Confused About What’s Happening With Istanbul Property? Here’s What To Expect In 2013

Istanbul PropertyA year ago, I wrote about Turkey’s property market and how it was performing remarkably well – even at a time when things were still looking fairly gloomy elsewhere in Europe.

Since then, Europe is looking a little brighter, and Istanbul’s property market has moved out of its recovery phase and some way into an expansion phase.

This explains why we are still seeing healthy levels of price growth in the city as median prices have risen from $771.30 sqm to $942.6 sqm in 2012. We can thank the Turkish government in part for this. They kindly opened up the market for foreigners in 2012.

So far, so good…

Prices kept on climbing despite GDP slowdown, which was engineered, to some degree, again by the government. The rumours are they wanted to put the brakes on an overheating economy.

Even so, GDP still grew by more than 3% according to the latest forecasts.

So what can we expect to see happening in Istanbul in 2013?

It is too early to say with certainty, however in my humble opinion, one of the biggest factors this year will be the new 18% tax rate on properties of less than 150 sqm. Just to balance out the boost they gave to the property market last year, the government has now decided to even things up by slapping a tax on smaller properties. The sizes most investors are interested in.

A report by Gyoder says that construction has slowed due to uncertainty about VAT or KDV as it is called in Turkey. As I mentioned in a previous blog, if it does apply to the majority of properties in places where land values are high, there is a good chance that it will have a big impact on the Istanbul property market this year.

Prices could increase by 18% as a result of this alone and to be fair, the slowdown in construction can only be a good thing for investors nervous about oversupply.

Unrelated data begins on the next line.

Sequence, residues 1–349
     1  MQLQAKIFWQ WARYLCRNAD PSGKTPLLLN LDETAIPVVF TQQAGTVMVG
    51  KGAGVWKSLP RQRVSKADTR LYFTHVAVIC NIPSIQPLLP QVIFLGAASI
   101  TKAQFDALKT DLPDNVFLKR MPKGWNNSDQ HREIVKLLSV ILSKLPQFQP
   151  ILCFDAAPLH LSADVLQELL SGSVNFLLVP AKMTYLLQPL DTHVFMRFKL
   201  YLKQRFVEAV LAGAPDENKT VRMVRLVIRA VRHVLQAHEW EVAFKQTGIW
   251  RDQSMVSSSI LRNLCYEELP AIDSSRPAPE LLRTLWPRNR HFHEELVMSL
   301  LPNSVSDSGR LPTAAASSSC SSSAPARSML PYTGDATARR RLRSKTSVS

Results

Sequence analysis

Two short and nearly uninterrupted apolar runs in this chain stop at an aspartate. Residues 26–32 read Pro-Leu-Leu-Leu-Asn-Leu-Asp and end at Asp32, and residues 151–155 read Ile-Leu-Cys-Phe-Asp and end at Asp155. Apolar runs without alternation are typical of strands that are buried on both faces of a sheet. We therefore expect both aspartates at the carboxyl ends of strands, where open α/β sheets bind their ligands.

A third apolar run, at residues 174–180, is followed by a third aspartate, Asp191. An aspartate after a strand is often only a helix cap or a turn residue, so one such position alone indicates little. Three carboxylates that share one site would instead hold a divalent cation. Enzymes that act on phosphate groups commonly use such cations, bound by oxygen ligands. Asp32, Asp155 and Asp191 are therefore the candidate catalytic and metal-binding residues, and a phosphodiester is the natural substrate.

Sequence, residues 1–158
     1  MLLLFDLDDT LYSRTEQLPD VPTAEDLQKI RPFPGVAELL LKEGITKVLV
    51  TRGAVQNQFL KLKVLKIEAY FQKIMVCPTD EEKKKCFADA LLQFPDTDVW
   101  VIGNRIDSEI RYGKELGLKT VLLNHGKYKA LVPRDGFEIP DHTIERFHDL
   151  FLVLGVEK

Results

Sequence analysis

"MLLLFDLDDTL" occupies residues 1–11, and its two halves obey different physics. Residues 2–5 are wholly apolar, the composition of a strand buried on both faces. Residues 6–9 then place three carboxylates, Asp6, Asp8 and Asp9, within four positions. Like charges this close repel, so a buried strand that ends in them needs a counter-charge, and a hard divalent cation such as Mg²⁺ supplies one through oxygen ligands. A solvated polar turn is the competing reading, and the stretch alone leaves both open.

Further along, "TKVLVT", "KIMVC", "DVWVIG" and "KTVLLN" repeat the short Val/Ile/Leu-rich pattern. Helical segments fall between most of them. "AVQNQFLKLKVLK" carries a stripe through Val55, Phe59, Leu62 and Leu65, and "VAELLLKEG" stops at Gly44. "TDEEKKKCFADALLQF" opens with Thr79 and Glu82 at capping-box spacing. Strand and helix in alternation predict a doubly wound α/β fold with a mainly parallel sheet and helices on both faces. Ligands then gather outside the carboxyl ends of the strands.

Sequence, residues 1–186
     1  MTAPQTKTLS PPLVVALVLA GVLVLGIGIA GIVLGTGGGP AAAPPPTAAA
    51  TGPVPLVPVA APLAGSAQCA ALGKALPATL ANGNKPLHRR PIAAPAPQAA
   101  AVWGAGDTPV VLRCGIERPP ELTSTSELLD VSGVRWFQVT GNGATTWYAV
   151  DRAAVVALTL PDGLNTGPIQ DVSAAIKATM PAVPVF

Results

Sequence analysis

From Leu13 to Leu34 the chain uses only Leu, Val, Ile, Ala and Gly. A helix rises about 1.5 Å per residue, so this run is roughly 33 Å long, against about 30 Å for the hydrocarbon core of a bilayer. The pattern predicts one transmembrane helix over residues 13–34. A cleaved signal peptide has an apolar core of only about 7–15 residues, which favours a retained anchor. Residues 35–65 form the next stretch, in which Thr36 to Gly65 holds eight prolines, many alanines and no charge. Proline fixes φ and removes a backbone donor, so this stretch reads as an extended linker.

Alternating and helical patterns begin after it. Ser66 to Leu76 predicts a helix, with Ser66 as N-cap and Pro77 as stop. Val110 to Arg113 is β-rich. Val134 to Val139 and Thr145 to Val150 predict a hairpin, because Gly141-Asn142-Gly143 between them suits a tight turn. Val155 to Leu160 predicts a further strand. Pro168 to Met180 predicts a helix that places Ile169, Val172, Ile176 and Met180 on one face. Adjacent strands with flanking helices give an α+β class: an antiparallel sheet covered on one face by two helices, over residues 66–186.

However, according to our Istanbul expert on the ground, it may not be as simple as saying the tax increase will be on all properties less than 150 sqm. It is more likely to affect new developments in the centre of the city where competition for land has driven up prices.

Even then, it may not apply to central locations where there is a regeneration project. This explains the slowdown in construction as developers take a step back scratch their heads and try to figure out where they should build next.

The short-term affect of the tax increase is one thing, looking at the longer term in Istanbul, local affordability is likely to improve to a level where a typical family living in Istanbul will be able to afford the mortgage payments on properties.

This will be the tipping point where it becomes more attractive for local buyers to invest in affordable properties rather than rent. We have yet to reach this point in Istanbul, which is why rental yields are still among the best you will find anywhere in Europe.

There are, however, signs of a steady upward trend in affordability. As Istanbul’s population increases and this is a certainty when you consider that the population of the city has risen from three million to 15 million in the last 40 years, then we will inevitably see demand for property naturally increase to satisfy the youthful population.

Turkey’s Fitch rating improved to an investment grade in 2012 and this could end up making finance to buy property cheaper. The annual growth rate in housing loans increased by 11% in Turkey 2012 and even a modest lowering of interest rates could mean that typical families are able to buy rather than rent in some less expensive areas of Istanbul.

It is not a case of if but when incomes rise high enough in Turkey as the economy continues to grow.

There is no doubt in my view that we will see changes happening in the Istanbul property market in 2013. Key-ready apartments are likely to attract more attention from investors than buying off-plan as most investors hope to avoid the hike in tax passed on by developers.

Either way, there is nothing to suggest that the breaks are on yet or that we won’t be seeing more of the same combination of high capital growth and strong rental yields in Istanbul again this year. Just a little bit of uncertainty to keep things interesting.

What is your view on Turkey’s property market this year? Please leave your comments below:

Kind regards

Brett Tudor
Property Expert

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